• Winter tick count: Further complicating assessment of moose population health and coming to the forefront of everyone’s questions, is the winter tick, often called the moose tick. The fall is the time of year when winter ticks are questing, or searching, for a host. While they exist by the millions, they are smaller than a grain of rice. So, while many hunters express their excitement by the lack of ticks on their harvested moose, it is really just a disguise of size. These successful parasites have hitched a ride on a moose before it is too cold for them to survive, and once on a host, the constant supply of blood gives them warmth and food all winter long. Though the Department has collected data on moose disease dating back to the 1960s, winter tick had not appeared to significantly impact moose until the 1990s. Since then, reports of dead moose, especially overwintering calves (calves less than one-year-old experiencing the first winter), increased in frequency. Evaluating tick load on harvested moose allow biologists a peek into tick loads and understanding how this will affect the dynamics and future conservation of moose. Biologists assess and count four areas of the harvested moose; two areas that ticks that harbor many ticks, and two areas with fewer ticks. Counting 16 transects on each moose gives MDIFW Moose Biologists Lee Kantar an idea of the early winter tick load to Maine’s moose.
MDIFW Wildlife Special Projects Coordinator Bob Cordes counts the number of winter tick on a moose in 2019.

While many may think that decreasing hunting pressure on the moose population would allow for more moose to survive, that unfortunately is not the case. Winter tick is not just a problem in Maine, but a problem in the Northern Hemisphere. Numerous studies have been attempted over the years in hopes of addressing the issue of winter tick loads and their impact on cervids (the deer family). While some have provided feed with tick deterrent, offered ideas of tick collars, or burning the leaf litter across the forest, these solutions are impractical, stressful on the animal, and do not work (click here to learn why these practices do not work). Universally, the most consistent and proven method of controlling the winter tick population is to reduce access to the host. In order to reduce their host, increased hunting is encouraged. While lowering the moose population may seem counterproductive, lowering population densities actually lowers the chances of ticks successfully finding a host and continuing to proliferate. To determine if moose density reduction can solve the winter tick problem in Maine, MDIFW is currently conducting a multi-phase adaptive management study in a 2,000-acre management zone in the northwestern part of the state (Zone 4).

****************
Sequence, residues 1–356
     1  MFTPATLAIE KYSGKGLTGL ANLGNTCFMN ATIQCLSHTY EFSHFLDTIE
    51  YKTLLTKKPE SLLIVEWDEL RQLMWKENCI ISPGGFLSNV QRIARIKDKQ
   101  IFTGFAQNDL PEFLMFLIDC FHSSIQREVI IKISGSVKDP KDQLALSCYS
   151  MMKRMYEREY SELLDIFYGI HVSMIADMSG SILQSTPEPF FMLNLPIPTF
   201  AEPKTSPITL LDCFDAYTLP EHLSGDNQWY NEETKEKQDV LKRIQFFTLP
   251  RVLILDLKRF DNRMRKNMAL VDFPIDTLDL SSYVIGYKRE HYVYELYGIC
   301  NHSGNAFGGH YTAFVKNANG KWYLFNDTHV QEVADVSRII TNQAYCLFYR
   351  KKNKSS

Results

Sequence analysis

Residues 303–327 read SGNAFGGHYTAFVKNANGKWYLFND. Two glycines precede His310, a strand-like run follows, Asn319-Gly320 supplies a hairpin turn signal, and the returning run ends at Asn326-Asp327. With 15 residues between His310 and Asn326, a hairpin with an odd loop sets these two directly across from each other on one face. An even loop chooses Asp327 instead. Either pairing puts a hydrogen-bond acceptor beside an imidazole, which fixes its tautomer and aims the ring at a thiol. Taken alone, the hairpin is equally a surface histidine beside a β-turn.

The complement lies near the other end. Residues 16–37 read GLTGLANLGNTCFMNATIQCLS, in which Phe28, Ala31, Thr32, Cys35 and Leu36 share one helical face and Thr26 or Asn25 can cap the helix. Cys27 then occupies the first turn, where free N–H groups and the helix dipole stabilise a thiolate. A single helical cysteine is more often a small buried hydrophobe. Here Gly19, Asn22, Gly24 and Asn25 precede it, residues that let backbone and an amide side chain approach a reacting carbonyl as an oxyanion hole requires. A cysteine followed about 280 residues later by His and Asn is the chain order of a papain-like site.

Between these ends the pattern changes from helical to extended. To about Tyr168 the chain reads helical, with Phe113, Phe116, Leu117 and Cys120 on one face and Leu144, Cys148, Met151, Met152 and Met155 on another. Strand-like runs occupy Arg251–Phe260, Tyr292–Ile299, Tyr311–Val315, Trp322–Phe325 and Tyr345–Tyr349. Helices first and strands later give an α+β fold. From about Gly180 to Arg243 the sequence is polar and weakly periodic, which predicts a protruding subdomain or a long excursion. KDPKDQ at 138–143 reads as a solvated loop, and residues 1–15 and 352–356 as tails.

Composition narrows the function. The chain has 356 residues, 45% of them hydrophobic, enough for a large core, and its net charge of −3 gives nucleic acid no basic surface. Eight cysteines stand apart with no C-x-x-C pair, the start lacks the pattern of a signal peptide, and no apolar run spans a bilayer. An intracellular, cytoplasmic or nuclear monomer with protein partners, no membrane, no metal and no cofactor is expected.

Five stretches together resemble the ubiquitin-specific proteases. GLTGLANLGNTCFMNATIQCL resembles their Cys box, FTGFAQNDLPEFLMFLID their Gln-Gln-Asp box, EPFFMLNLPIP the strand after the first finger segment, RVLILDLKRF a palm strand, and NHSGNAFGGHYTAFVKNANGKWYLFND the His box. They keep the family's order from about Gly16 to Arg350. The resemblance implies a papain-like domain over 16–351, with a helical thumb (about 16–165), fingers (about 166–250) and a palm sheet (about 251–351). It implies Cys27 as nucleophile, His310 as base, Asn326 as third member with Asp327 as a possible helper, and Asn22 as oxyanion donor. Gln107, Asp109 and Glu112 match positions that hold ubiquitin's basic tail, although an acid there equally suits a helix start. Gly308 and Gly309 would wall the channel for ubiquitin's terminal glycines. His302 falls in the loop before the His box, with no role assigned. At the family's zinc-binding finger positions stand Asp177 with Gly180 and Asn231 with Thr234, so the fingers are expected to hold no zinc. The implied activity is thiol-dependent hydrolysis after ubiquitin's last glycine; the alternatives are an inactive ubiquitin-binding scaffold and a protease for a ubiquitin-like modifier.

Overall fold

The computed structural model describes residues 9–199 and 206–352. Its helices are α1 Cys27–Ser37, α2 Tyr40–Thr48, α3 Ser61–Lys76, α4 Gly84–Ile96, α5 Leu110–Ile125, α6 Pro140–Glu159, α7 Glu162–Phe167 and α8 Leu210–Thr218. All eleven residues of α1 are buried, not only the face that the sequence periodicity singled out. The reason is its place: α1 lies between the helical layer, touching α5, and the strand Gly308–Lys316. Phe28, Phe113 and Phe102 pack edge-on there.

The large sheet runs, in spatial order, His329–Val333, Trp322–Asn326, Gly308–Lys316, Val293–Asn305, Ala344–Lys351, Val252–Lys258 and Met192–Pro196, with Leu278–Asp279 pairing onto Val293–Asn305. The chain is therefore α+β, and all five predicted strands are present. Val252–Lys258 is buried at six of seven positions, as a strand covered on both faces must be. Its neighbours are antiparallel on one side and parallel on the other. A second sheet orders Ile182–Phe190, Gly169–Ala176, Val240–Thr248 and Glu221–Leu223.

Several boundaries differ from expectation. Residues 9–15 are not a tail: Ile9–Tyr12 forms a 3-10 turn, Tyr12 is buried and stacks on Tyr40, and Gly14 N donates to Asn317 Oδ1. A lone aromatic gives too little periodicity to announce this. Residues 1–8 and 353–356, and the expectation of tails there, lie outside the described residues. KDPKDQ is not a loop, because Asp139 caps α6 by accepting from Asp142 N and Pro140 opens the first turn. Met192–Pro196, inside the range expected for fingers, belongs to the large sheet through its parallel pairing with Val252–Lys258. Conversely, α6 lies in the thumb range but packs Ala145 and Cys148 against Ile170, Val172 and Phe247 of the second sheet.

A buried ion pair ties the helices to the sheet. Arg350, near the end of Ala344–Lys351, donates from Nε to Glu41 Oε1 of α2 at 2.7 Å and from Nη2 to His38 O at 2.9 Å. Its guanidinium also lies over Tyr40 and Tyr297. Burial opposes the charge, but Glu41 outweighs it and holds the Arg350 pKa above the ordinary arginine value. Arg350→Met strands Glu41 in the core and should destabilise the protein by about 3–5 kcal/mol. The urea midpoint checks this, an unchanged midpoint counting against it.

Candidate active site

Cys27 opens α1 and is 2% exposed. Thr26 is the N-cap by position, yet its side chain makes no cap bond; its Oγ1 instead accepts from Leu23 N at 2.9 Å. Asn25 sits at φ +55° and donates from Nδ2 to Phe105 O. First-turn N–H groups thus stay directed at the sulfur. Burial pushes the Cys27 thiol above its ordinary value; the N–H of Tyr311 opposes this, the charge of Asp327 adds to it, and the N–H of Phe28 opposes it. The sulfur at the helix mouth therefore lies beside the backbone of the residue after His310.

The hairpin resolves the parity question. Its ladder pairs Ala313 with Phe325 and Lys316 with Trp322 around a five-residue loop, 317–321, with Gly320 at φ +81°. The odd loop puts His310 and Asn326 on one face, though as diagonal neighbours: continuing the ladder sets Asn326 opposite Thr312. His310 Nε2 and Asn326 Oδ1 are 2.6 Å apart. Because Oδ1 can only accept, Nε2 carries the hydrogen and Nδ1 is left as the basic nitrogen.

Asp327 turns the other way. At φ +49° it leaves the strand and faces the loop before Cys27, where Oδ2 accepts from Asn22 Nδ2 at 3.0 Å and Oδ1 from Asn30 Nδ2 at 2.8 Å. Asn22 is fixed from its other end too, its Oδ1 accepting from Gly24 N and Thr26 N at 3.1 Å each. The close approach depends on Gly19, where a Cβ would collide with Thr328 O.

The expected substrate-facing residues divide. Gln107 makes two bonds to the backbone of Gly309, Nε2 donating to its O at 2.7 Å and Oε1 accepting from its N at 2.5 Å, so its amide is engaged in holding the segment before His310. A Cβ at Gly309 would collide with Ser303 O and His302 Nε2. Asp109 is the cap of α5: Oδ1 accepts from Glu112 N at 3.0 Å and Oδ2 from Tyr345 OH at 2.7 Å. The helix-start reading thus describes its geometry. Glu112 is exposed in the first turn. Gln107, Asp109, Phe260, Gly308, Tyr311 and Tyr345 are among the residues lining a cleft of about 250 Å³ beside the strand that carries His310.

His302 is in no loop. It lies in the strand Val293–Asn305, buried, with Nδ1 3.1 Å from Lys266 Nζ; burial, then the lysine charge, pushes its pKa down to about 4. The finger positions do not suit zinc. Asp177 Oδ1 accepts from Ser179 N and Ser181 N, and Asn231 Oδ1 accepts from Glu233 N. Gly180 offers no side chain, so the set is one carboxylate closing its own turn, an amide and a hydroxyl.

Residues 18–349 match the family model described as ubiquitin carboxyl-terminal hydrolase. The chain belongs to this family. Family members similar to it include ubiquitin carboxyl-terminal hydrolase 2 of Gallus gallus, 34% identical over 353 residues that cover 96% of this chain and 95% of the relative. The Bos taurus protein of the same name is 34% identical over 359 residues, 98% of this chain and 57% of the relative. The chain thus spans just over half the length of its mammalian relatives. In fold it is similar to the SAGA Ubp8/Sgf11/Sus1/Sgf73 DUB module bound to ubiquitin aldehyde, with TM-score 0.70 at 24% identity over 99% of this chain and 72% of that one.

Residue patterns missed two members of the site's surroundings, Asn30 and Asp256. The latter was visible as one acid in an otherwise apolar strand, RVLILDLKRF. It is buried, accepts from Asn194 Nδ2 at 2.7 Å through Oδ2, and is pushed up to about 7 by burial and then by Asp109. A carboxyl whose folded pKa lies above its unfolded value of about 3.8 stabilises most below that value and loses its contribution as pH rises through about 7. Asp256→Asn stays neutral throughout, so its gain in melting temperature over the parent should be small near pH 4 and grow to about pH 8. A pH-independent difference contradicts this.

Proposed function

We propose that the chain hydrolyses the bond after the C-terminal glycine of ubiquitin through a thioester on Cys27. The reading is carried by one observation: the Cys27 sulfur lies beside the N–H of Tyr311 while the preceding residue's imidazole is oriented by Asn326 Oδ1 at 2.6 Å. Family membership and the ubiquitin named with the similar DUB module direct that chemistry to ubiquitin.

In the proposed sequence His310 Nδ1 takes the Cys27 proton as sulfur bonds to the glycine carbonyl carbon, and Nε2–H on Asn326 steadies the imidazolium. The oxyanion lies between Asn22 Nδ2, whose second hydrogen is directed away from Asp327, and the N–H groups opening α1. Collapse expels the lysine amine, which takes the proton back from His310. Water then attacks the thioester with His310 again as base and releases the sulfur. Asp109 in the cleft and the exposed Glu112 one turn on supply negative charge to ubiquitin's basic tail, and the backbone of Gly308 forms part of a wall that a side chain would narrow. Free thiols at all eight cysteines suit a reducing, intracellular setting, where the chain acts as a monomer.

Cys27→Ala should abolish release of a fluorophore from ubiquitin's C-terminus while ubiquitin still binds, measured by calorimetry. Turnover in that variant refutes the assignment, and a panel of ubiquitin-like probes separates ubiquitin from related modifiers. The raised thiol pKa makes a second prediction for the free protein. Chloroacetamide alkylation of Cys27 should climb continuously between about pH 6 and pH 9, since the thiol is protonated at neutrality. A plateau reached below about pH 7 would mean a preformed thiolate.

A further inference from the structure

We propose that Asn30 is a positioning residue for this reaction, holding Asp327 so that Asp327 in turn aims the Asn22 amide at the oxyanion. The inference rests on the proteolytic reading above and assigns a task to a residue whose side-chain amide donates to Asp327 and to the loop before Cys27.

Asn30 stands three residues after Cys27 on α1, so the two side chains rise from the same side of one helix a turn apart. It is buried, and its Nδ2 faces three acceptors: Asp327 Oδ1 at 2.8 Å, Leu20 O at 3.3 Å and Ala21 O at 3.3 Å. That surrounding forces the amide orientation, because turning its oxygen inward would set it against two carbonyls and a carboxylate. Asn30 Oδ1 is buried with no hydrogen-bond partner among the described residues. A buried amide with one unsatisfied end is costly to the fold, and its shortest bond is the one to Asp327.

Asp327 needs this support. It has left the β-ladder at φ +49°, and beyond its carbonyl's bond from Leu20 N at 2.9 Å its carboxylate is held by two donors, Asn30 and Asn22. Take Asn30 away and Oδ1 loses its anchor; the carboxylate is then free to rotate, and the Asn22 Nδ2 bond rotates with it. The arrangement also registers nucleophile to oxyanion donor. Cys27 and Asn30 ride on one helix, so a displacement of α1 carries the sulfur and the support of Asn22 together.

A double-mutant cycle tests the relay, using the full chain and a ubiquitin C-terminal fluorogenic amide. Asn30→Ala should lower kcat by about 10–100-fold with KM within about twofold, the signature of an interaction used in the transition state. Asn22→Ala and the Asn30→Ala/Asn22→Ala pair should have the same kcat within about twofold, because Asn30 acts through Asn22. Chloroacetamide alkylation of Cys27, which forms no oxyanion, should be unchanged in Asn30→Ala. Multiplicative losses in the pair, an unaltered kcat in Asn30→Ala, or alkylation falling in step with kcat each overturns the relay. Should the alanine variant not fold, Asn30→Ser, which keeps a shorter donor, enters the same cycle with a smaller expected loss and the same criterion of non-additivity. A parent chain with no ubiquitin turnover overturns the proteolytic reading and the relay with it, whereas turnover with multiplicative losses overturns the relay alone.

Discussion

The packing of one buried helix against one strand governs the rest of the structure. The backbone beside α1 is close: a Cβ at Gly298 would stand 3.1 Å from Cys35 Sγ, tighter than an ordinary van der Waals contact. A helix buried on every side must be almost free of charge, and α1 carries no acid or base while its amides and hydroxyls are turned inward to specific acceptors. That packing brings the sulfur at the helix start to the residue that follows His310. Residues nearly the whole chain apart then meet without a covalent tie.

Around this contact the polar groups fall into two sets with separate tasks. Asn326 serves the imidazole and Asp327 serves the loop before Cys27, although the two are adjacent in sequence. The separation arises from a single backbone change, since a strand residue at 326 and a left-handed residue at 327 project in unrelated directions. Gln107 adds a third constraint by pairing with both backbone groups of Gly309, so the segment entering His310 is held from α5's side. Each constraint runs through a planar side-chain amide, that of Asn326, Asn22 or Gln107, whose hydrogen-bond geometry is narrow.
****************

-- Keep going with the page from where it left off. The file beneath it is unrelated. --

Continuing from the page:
Compiling biological data collected from tagging stations in addition to seasonal research performed year-round, Maine’s moose are closely monitored. Management decisions are influenced by the ecological and biological data collected such as composition, age structure, and reproductive rates, and applied to decisions made on the number and location of permits for each individual year. Maine’s moose population size is a direct reflection of the successful research and monitoring accomplished year after year. Moving forward, MDIFW’s goal is to keep the moose population at an appropriate capacity, where the environment can sustain the herd, providing quality, and ample foraging and reducing the number of parasites and diseases spreading between individuals.

To continue learning more about Maine’s ongoing moose study, winter tick, and Maine’s moose population, visit